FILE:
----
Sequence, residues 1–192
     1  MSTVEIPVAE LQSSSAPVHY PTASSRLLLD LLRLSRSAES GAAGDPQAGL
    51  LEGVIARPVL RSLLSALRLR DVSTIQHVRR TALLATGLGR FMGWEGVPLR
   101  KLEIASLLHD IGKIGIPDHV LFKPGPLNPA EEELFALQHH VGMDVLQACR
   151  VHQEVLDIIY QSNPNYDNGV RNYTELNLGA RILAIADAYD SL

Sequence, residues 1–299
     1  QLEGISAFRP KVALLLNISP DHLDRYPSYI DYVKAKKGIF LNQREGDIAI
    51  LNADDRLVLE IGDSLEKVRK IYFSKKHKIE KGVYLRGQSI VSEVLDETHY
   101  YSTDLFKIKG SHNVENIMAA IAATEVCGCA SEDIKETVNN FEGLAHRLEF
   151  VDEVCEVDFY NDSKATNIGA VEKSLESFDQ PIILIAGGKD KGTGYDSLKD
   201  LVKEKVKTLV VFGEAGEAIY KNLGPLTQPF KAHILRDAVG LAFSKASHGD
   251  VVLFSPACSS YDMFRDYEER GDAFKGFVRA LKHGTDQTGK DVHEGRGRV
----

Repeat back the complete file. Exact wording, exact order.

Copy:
Sequence, residues 1–192
     1  MSTVEIPVAE LQSSSAPVHY PTASSRLLLD LLRLSRSAES GAAGDPQAGL
    51  LEGVIARPVL RSLLSALRLR DVSTIQHVRR TALLATGLGR FMGWEGVPLR
   101  KLEIASLLHD IGKIGIPDHV LFKPGPLNPA EEELFALQHH VGMDVLQACR
   151  VHQEVLDIIY QSNPNYDNGV RNYTELNLGA RILAIADAYD SL

Sequence, residues 1–299
     1  QLEGISAFRP KVALLLNISP DHLDRYPSYI DYVKAKKGIF LNQREGDIAI
    51  LNADDRLVLE IGDSLEKVRK IYFSKKHKIE KGVYLRGQSI VSEVLDETHY
   101  YSTDLFKIKG SHNVENIMAA IAATEVCGCA SEDIKETVNN FEGLAHRLEF
   151  VDEVCEVDFY NDSKATNIGA VEKSLESFDQ PIILIAGGKD KGTGYDSLKD
   201  LVKEKVKTLV VFGEAGEAIY KNLGPLTQPF KAHILRDAVG LAFSKASHGD
   251  VVLFSPACSS YDMFRDYEER GDAFKGFVRA LKHGTDQTGK DVHEGRGRV